Atmospheric carbon dioxide emissions have surpassed the average of 410 parts per million for a whole month for the first time ever since man first began tracking the Earth’s atmosphere. This is a critical point which drives the planet nearer to global warming than has been considered “safe” by both the scientific community and governments.
The carbon dioxide levels, whose greenhouse effect catches the heat and propels the negative effects of climate change, amounted to approximately 280 parts per million by 1880, on the eve of the industrial boom. Now, these level are about 46% bigger.
Ralph Keeling, who heads the CO2 monitoring center at the Scripps Institute of Oceanography, told Tierram?rica that the growth rate is around 2.5 parts per million annually. The rate has been rising since 2010 more than between 2000 and 2009.
“It’s another milestone in the rise of CO2 over time. It brings us closer to some targets we don’t really want to reach, like getting more than 450 or 500 ppm. It’s pretty dangerous territory,” explained Keeling referring to the latest estimates.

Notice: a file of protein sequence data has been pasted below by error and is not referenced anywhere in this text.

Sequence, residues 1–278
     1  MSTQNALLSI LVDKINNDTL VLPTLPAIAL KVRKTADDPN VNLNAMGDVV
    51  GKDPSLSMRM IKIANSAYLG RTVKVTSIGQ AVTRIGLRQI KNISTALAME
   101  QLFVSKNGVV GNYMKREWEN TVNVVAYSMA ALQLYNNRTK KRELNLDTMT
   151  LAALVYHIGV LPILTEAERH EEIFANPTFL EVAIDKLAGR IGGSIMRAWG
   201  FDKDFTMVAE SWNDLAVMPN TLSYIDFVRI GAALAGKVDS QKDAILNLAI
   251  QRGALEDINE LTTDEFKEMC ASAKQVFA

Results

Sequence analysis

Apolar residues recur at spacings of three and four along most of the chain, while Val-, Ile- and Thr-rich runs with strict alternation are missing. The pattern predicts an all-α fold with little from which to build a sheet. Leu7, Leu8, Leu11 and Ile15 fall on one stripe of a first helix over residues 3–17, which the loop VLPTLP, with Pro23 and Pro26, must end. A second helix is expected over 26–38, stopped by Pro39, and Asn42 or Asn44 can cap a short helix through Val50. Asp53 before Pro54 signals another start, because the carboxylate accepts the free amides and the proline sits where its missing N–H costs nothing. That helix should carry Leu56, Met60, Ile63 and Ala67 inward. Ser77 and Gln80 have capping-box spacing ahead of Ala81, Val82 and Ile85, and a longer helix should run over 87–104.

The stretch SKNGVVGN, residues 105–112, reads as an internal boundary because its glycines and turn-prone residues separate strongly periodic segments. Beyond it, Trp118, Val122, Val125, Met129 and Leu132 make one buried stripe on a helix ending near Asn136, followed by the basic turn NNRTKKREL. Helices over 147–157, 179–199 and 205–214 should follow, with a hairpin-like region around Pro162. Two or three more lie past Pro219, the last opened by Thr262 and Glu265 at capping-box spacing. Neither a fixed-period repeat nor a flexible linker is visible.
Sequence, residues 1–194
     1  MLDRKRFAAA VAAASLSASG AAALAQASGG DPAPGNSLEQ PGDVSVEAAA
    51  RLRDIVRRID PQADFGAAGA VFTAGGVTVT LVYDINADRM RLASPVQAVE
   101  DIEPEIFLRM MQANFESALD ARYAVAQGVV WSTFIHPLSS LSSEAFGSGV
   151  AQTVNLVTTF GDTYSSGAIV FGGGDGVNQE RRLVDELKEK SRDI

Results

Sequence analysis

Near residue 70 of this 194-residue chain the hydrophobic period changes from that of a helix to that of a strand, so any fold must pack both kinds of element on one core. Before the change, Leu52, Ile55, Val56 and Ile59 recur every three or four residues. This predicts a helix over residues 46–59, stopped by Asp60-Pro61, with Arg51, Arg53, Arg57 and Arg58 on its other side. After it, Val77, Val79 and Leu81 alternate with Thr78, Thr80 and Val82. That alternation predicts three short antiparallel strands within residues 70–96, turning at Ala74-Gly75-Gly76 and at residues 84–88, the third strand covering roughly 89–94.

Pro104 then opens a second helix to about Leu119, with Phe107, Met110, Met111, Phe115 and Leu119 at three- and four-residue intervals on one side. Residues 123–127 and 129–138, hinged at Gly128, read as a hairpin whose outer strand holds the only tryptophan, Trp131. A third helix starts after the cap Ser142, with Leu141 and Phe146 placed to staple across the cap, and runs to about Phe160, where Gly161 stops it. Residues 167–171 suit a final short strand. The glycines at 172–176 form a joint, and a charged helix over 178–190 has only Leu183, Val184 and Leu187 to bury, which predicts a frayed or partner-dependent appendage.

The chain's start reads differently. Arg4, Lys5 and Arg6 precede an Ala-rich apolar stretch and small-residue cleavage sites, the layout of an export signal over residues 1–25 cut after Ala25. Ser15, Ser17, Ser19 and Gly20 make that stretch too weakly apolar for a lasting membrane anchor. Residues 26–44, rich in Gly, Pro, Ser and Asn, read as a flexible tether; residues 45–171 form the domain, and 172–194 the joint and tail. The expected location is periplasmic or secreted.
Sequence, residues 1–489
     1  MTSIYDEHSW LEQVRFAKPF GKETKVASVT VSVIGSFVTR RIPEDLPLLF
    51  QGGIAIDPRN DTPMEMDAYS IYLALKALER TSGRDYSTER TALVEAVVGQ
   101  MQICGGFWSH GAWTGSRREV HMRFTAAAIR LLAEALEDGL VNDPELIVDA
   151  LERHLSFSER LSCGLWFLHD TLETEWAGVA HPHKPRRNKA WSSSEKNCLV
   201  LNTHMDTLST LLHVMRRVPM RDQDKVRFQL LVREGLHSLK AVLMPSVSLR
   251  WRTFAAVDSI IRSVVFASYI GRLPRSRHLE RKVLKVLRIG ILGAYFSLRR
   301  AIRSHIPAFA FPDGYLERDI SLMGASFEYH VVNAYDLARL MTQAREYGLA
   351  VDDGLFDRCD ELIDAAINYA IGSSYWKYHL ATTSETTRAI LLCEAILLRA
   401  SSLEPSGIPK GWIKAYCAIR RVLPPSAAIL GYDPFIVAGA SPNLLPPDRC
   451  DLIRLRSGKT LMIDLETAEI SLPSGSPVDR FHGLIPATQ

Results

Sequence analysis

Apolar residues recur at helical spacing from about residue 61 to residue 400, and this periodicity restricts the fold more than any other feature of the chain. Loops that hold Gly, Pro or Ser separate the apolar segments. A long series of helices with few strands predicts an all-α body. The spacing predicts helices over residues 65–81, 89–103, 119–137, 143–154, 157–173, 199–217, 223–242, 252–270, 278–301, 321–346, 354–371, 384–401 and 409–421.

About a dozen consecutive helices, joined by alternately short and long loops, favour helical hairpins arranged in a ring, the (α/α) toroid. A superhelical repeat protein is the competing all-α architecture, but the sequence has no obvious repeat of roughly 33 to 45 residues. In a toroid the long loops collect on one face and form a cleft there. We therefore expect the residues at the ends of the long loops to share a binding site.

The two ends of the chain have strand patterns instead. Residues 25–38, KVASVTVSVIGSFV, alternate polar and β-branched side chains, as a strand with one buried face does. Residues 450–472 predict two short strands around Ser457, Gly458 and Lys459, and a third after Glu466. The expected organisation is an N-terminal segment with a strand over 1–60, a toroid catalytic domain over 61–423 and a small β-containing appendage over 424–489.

The Earth is getting closer to historical maximums of carbon dioxide emission and global warming
The global carbon dioxide levels have been even higher than the actual levels during history but those times were way before the first humanoids crawled on Earth. Accordingly, the researchers are troubled that the present pace of change is more rapid when compared to the pace the Earth is accustomed to.
For instance, in the hot mid-Pliocene era, which occurred more than 3 million years ago, the carbon dioxide levels were around 400 parts per million, similar to the recent readings, but, back then, the Earth’s sea level was 66 feet higher or even higher than that and the weather was hotter than it is at the present.
Even more, in the Miocene era and Eocene-Oligocene transitional period, the CO2 levels were about 500 parts per million and 750 parts per million, respectively.
Thus, according to Ralph Keeling, the Earth is not yet prepared as a planet to cross above 1.5 or 2 degrees Celsius but if nothing is done to lower the carbon dioxide emissions and global warming during the next century the world will get closer to these temperatures.